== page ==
Impressive animation made for the Expo Architecture Competition in 2007. It would be interesting to know how each sequence was meshed together. Obviously a video editing software... but what were the techniques used is my question. Very nicely done.
November 2, 2009
October 11, 2009
This animation is beautiful, great choice of music too. I remember hearing this music for the first time when I watched a film called "The Island". Modeled in ArchiCAD 12 and animated in Artlantis! Two powerful programs that work well together many claim. Great job to the people at Crescendo.
August 17, 2009
This is a very fast past video, but does have a wide array of presentation techniques. I speculate that this could have been made to practice several techniques in one go. From sun shadows to animated people to "construction simulation" (the part that shows the beams which support the glass ceiling/skylight)... this short animation covers it. Like I said, it could have been a test to see what the particular program/s can do to achieve certain outputs. Interesting clip.
July 23, 2009
This is probably one the most extensive architectural animation I have seen to date in terms of length. It lasts for 10 minutes and presents to us the "Cidade da Musica", a good portion of the presentation is shot during the day and then followed a night animation which shows off the pleasant lighting effects. I love the part where the "Grande Sala" transforms into an opera! The animation then shows a bunch of amazing still renderings of some of the smaller areas of the structure along with actual site photos of the project being built. This building was given the full treatment. Great work to all the people who contributed to this.
July 14, 2009
This is one of those rare presentations that adapt actual movie making techniques. It is like one of those many phrases Dwight Atkinson says from time to time, in reference to creating architectural renderings... "One Must Think Like A Photographer". In this case, "one must think like a movie director". The camera paths, angles and speed fit perfectly with the music. The execution of fading in and out of each animation is pleasant and adds a dramatic effect. I have to give kudos to the one who created 'the steaming water pouring on the tub scene' - excellent! My final critique to the whole presentation - amazingly realistic, and inviting! Thanks to YouTube's architecturelaw for sharing.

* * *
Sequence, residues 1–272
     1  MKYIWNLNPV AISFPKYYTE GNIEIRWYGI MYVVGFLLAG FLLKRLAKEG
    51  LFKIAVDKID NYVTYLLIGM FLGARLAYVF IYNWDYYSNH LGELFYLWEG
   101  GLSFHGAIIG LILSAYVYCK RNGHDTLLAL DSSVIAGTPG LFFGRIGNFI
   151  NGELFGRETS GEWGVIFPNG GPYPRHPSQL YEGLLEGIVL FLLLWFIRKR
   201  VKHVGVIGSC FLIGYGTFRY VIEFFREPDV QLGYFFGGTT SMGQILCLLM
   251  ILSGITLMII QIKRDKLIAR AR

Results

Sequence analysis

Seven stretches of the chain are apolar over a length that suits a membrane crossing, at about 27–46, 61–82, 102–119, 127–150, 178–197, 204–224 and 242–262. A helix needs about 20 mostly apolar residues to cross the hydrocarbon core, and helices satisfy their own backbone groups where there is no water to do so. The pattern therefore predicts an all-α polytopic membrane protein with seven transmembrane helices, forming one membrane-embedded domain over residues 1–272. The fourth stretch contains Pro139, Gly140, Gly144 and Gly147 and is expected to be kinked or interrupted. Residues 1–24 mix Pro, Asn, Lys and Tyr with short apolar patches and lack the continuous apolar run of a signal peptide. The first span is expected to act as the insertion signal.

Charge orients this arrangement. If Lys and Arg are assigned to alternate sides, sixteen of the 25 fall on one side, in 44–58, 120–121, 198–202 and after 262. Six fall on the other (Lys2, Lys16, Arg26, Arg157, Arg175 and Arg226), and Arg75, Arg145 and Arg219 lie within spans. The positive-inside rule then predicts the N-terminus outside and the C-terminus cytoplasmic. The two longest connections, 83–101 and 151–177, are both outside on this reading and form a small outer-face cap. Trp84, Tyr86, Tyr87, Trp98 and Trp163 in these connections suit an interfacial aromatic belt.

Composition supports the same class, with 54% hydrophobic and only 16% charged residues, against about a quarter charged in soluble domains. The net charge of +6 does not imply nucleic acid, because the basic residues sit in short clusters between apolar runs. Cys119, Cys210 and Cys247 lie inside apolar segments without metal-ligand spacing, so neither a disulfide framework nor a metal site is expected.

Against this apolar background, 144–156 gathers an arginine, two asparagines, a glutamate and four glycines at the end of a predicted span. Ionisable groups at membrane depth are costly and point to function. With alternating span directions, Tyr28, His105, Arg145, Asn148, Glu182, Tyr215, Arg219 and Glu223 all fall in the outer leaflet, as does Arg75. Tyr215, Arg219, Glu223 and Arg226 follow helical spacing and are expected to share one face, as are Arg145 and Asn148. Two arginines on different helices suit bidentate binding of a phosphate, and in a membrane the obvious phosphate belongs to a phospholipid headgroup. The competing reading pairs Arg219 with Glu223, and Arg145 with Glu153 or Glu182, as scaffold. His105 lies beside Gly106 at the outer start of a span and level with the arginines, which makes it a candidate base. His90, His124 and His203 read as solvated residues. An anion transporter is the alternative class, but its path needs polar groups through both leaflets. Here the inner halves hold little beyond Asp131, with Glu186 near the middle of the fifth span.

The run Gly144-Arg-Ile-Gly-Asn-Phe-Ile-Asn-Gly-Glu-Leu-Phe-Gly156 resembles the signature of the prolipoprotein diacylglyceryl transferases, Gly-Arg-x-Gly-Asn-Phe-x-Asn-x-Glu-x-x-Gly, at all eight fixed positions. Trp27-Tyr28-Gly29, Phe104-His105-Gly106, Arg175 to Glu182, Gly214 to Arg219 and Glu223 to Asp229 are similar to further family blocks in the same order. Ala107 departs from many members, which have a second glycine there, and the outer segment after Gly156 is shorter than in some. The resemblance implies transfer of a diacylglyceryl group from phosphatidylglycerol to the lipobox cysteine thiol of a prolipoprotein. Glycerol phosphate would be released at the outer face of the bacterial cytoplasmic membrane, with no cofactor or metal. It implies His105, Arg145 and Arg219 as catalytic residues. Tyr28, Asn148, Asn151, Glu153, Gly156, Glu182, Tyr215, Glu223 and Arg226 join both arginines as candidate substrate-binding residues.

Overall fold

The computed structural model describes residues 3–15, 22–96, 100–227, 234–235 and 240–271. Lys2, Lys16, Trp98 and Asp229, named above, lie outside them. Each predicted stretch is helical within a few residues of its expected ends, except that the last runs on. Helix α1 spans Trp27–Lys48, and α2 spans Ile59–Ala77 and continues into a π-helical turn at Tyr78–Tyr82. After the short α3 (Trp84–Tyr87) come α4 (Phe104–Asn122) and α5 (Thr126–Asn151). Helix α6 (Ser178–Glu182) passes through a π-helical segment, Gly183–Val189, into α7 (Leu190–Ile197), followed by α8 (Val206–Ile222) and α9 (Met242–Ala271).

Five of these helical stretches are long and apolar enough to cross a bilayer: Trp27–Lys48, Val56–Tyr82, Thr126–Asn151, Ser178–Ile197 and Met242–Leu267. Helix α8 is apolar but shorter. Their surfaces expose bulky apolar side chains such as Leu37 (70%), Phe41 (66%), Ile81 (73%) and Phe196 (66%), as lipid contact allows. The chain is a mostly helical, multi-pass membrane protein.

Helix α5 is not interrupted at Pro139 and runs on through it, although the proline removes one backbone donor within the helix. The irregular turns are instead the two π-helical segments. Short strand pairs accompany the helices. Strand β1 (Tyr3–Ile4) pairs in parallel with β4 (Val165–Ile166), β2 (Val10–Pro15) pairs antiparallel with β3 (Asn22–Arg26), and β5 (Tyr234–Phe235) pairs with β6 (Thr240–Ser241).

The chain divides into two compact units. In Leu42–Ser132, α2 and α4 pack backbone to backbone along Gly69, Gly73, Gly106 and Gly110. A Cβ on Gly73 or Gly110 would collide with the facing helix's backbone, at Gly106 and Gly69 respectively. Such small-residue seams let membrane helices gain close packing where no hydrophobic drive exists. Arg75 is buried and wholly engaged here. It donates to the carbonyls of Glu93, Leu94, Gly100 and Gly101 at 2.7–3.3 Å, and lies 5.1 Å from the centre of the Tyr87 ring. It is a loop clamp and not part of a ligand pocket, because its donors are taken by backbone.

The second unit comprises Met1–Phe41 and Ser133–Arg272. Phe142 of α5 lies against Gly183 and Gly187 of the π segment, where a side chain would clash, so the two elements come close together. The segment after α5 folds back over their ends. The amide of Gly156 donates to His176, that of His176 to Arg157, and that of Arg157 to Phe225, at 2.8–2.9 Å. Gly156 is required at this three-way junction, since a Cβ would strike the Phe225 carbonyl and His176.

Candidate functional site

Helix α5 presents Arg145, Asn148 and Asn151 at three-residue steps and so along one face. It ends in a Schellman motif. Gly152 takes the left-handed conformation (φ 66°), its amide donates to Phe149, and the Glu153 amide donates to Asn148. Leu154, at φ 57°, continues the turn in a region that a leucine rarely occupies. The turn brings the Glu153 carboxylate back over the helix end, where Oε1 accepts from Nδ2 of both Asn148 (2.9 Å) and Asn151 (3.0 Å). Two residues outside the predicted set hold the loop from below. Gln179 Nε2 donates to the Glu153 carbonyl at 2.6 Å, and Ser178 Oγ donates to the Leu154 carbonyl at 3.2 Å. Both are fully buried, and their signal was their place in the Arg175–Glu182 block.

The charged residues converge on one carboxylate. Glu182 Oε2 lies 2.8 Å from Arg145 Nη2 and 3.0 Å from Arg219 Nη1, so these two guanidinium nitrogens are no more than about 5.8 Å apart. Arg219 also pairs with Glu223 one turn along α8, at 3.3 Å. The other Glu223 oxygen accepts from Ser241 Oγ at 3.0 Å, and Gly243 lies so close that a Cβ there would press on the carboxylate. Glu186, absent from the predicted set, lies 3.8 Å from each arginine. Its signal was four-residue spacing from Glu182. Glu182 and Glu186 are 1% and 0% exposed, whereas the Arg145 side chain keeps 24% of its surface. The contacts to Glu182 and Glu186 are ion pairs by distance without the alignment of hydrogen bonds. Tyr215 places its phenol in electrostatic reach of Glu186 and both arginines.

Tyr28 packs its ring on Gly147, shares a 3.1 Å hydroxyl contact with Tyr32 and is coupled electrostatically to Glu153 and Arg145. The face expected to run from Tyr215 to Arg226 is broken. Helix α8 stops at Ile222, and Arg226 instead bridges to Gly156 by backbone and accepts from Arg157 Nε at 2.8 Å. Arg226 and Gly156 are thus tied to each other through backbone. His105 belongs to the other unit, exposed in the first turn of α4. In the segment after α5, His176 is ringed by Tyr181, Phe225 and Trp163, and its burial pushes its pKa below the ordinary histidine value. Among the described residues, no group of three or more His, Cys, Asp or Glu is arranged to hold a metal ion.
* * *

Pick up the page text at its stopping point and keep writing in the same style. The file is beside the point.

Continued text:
July 9, 2009
Considering this is a whole cityscape, it rendered out pretty sweet. The frames on some instances were knitted together in a 'fast paced' manner and then it would slow down some which I found quite interesting. I like how the part starting at 1:12 was composited...a top view looking over some of the buildings with cloud effects that suggest wind... oh, correct me if I'm wrong, but for a minute there I thought I saw a blimp! Great touch! I also love how the overall video has a gloomy feel to it with rays of sun light casting through the spaces between the buildings. Fantastic.
June 25, 2009
This pleasant animation was made by Miguel Krippahl. A combination of ArchiCAD, Artlantis and Windows Movie Maker was used to model, animate and stitch the scenes together to provide the viewers a complete representation of the architect's design. Miguel Krippahl also made the animation on the previous post here at The 3-Dimensional Dream. The technique I like best in this video was the way specific zones/spaces within the structure was being presented together with the animation and animated seamlessly. Fabulous work!
June 13, 2009
This 3d presentation is completely monochrome! Very clean, simple yet beautifully presented. When carefully examined, you can tell that they had at least 3 different files for the model. One, very bare with just walls - two, with floors and ceilings - and three, with all the windows and openings in place. Then each file was obviously rendered using the same camera paths and patched together using a Windows Movie Maker. Software used to animate the model was Artlantis Studio 1.0 and the modeling software which was used was ArchiCAD! Great work to youtube's MKripp.
February 10, 2009
Fully modeled in ArchiCAD 12 and possibly fully animated in-house and assembled together using some sort of video editing software to seamlessly knit the scenes as one. This is just my speculation though at the moment. This video manages to get me hyped up about using AC 12 every time I see it. I like the "cross-section/slicing" effect (feel free to let me know what the technique is really called!).